186 As to having to choose between "on behalf of" and "concerning," it is perfectly ridiculous.

The only plausible ground to make "concerning" allowable is its use in 2 Corinthians 12:8, where the word however is not erotao (to ask). Nor do I think that huper could be used with a long subject stated, about which he was entreating them. It would be peri: whereas, after stating the subject, huper toutou I can well understand. Finally, "by" is the regular translation of the Greek. Thus Luther also translates it. It may admit of discussion; but I believe the English translation right.

The remark on chapter 5:2 is utterly futile, because in English we do not say unsettled "from" your mind, but "in" your mind, where it is a question of quiet stability. "Shaken from your understanding" is not English: that is all.

The next remark, on verse 2, is subtle enough, that the Thessalonians were wrong in expecting the Lord or the end immediately; and we are told that the word is used "in connection with wrongness of expectation of the end being immediate." Now the sentiment against which this remark is directed is, not that the end is immediate, but a distinction between the Lord's receiving the church, and the end; so that the church may be always waiting for the Lord, though it affix no date to the end. See 2 Thess. 2:2.

"Be troubled" is used in Matthew 24:6 and Mark 13:7, exactly as it is used here - that present troubles should not make them think the end near, or the day of the Lord come. It is not wrong expectation in either case, but trouble from present circumstances alarming the mind, and taking away its security, so as to give it fears as if the day of the Lord were there. "When ye hear of wars and rumours of wars, see that ye be not troubled." It was clearly a trouble arising from disturbing causes actually and sensibly in operation.

187 Further, the word "set in" is given as the literal meaning of the word, and "present" as its secondary sense, in order to furnish the idea of a setting in out of sight and absent, which might be supposed in the mind. Now firstly we have seen that the Greek for to be troubled, is used in the passages cited in connection with actually present alarming circumstances, which they heard of as then going on on earth. And, moreover, I deny totally the expression "set in" to be a literal or any translation of the Greek which in the English in 2 Thess. 2:2 read at hand or present. "To stand in" is the literal sense, as we say of a month "the third instant" meaning the present month: and, secondary or not, it is perfectly certain that it is always used in Scripture for "present" in contrast with future or absent. These are the passages where it is found: Romans 8:38; 1 Corinthians 3:22; 7:26; Galatians 1:4; 2 Timothy 3:1; Hebrews 9:9.* Anyone can examine these passages and see what present means. And, as the author says, "There is no example of this word being used to signify the approach of anything that is not yet existent" - and I add, that is not present. Now if it was only set in in heaven, it was just its approach to them, which this word cannot mean. And I apprehend that the Greek for be troubled and be shaken in mind, as in 2 Thess. 2:2, would not be used of persons in tribulation, who "had been taught" "that they would be delivered as soon as the Lord descended into the air." Is the comfort and joy that would produce, if even unwarranted, expressed by these words? It is quite certain that 'be troubled' is used for the alarm occasioned by present things, not by joyful expectation, where it is used in Scripture.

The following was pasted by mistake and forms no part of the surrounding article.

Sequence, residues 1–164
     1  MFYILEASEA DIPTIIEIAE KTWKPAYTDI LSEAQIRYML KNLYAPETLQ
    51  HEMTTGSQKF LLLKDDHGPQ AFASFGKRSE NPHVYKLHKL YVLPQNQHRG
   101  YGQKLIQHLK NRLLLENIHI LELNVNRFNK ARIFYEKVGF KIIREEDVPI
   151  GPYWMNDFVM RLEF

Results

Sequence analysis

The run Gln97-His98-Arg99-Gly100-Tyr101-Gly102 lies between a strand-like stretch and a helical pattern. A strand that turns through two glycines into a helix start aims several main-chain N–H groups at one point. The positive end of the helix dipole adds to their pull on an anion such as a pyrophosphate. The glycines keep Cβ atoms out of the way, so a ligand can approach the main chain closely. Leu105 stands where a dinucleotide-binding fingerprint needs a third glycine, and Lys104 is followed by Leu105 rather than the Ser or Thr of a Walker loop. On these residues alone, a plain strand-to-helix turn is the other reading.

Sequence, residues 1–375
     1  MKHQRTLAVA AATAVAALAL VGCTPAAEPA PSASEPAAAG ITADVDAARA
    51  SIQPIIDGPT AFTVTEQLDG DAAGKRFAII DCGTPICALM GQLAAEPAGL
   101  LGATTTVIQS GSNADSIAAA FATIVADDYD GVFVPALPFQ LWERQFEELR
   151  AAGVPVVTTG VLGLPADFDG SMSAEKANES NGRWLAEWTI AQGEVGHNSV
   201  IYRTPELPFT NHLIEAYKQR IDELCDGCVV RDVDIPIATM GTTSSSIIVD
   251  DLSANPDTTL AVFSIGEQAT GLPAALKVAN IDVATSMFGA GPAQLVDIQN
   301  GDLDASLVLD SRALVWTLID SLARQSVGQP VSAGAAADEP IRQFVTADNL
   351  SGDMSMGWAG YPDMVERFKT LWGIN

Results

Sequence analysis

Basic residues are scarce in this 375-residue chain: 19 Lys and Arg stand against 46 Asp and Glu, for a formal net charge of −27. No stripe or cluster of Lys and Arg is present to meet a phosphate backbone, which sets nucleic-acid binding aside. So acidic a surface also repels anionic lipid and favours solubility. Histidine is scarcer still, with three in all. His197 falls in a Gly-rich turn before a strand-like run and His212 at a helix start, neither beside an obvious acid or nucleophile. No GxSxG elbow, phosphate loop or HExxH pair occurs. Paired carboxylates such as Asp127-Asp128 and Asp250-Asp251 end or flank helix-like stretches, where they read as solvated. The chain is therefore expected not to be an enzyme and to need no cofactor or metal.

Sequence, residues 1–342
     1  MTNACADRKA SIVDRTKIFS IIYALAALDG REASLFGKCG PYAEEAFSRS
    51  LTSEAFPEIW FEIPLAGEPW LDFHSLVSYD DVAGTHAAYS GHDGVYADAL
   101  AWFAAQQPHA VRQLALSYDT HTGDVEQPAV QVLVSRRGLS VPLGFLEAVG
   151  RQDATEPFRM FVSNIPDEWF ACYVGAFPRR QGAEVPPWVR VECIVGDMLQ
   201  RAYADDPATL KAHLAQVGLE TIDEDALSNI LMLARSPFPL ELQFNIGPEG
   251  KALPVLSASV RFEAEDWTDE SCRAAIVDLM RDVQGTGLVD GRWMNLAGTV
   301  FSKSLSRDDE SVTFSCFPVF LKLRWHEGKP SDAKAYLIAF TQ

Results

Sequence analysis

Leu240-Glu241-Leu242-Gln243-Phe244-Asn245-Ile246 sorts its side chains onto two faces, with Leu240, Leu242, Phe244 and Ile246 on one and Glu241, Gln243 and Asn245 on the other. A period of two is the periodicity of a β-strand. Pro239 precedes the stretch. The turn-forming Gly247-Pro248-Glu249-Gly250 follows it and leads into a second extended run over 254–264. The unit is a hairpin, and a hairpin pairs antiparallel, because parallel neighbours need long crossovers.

{*The writer states that "it is frequently used in the Apocryphal books and always in this sense." I find it from an extract of Trommius used six times in the Apocrypha; two, from circumstances, I cannot find. [The first is by Trommius given as "3 Esdras 5:72" (and by Schleusner as 47). It is really Esdras 5:46, which reads "when the seventh month was at hand (not near, but) come." The second is in the same book, chapter 9:6. 'All the multitude sat trembling because of the winter then present,' not merely approaching however near.] The other four are: 1 Maccabees 12:44 - where it means existing or subsisting; 2 Maccabees 3:17, the same thing, the grief 'he had now at heart,' present then; 2 Maccabees 4:43, there was a judgment or trial (or was instituted); 2 Maccabees 12:3, 'as if no ill win were existing.' "Present" or "existing" is its regular force. Sometimes "set in" might answer, as winter is set in, that is, is actually or fully come. It would be curious if "standing in," which is its etymological meaning, left the question unsolved "where"?}

188 As to the apostasy, I agree it must not be confounded with the mystery of iniquity: though its principles are at work therein, so that it may be morally called so very justly; and Scripture speaks in a way analogous to this. See Jude. "These are they," etc. But it is much more unwarrantable on the other hand, to say that it will not take place apart from the personal manifestation of the man of sin. There is no scripture whatever for this, nor any proof that it is true. That it is the apostasy of man as man, I do not deny, because that is true of man as man already, and it will then be fully manifested; but it is not what is meant by apostasy at all. It most clearly and evidently refers to Christianity, and nothing else; but as the others will be manifest, I need not discuss this further.